Jump to content
  • Advertisement
Sign in to follow this  
deadlydog

Can you tell what engines a game used?

This topic is 4890 days old which is more than the 365 day threshold we allow for new replies. Please post a new topic.

If you intended to correct an error in the post then please contact us.

Recommended Posts

Besides looking through the credits or release notes of a game, visiting the website (if they have one), or looking through the source code (if it's available) is there any way to tell what engines they used (Ogre, FMOD, etc) for graphics, sound, etc? And I do not just mean commercial games either. Like, if I just downloaded one of the games from the GD Showcase that just has the executable and resource files, is there any way to tell what game engine they used? Like an executable parser or something? I don't need to know for any specific reason. I was just wondering. Thanks.

Share this post


Link to post
Share on other sites
Advertisement
I can tell that Quake 2 used the Quake 2 engine... And Doom III used the Doom III engine. I'm not sure if Unreal uses the Unreal engine or not though...

[grin]

Share this post


Link to post
Share on other sites
Quote:
Original post by deadlydog
And I do not just mean commercial games either. Like, if I just downloaded one of the games from the GD Showcase that just has the executable and resource files, is there any way to tell what game engine they used? Like an executable parser or something?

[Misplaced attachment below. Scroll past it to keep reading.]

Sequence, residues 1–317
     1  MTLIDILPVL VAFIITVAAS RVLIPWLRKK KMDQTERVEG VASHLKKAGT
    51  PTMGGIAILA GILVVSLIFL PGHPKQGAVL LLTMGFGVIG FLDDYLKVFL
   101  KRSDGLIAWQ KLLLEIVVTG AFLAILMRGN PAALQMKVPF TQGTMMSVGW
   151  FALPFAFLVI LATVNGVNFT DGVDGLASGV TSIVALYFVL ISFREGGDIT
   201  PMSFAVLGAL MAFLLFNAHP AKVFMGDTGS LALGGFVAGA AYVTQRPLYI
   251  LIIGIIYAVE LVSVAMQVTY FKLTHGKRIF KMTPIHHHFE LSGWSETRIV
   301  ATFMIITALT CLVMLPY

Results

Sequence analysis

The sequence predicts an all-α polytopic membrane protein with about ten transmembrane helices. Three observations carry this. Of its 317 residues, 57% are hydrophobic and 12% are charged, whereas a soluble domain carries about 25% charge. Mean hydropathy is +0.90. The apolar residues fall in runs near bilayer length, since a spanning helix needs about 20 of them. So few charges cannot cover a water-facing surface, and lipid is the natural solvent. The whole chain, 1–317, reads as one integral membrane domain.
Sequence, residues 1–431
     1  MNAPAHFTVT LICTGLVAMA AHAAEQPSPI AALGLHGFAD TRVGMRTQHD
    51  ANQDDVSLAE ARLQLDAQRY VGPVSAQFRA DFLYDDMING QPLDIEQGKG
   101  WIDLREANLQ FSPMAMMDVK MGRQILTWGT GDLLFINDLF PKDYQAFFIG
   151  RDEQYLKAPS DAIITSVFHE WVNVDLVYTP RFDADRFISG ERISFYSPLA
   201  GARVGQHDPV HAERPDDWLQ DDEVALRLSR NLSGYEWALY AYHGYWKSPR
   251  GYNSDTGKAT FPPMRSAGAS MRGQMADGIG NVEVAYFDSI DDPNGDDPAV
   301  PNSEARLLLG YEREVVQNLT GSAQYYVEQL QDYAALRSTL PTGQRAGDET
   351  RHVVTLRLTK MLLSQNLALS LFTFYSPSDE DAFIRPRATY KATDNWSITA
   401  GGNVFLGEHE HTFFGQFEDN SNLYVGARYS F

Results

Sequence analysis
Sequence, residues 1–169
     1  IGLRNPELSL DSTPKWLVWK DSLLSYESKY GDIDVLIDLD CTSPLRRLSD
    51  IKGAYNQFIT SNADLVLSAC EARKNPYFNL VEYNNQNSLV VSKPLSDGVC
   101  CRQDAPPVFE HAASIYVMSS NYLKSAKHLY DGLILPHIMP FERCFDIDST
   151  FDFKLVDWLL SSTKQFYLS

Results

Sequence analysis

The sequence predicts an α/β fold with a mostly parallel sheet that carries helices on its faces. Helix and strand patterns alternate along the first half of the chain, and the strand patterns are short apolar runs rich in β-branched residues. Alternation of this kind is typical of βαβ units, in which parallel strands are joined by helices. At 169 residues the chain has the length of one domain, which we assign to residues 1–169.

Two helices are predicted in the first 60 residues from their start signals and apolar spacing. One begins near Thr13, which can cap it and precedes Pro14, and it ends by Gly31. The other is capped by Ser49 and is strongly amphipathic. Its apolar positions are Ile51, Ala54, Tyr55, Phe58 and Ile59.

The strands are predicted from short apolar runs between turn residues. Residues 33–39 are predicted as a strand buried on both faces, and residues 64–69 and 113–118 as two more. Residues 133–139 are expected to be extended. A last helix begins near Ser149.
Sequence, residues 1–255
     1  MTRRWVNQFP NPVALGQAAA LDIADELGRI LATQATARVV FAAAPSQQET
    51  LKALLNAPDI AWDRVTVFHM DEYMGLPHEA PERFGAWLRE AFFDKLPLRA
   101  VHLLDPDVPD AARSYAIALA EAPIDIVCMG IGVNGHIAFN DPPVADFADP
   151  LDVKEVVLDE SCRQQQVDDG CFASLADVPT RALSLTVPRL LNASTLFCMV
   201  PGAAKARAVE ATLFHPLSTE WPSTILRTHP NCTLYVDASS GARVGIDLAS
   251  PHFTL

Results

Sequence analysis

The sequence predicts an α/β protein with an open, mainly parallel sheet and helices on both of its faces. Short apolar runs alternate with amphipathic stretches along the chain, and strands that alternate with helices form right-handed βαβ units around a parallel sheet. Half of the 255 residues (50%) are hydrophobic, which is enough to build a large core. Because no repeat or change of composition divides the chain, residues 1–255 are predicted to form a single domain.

Unless you can identify accompaying files, such as FMOD.dll, OgreMain.dll, etc... , there is no good way to tell what engine a game has used, if it has used an engine. I mean most engines are closed and not even told about for commercial games. You could go though the .exe and look for references to functions that might give clues, but that's about it really (assuming they have not stripped everything out and have not done obfuscation)

Share this post


Link to post
Share on other sites
as Drew_Benton said, the file structure and packages that are in the program files collection should give it away.

what do you see exactly? Is there any way you can get a file listing?

Often in the splash screen/trademark screen of a game will it show the game engine.

Share this post


Link to post
Share on other sites
If a game developer is using a 3rd party engine, I would imagine that they must state what engine they're using somewhere right?

I mean, a lot of license agreements stipulate that credit must be given to the 3rd party component developer in the final project documentation or web-site.

I would also assume that if a game is using a specific licensed engine, they'd probably want to advertise that somewhere on their site.. If I was writing a game that used "Engine X", I'd want to let everyone know what a kick-*ss game it'll be, because it uses "Engine X".

I realize this is all assumption, but it makes sense to me.

Edit: After reading
Quote:
deadlydog wrote: Besides looking through the credits or release notes of a game, visiting the website (if they have one)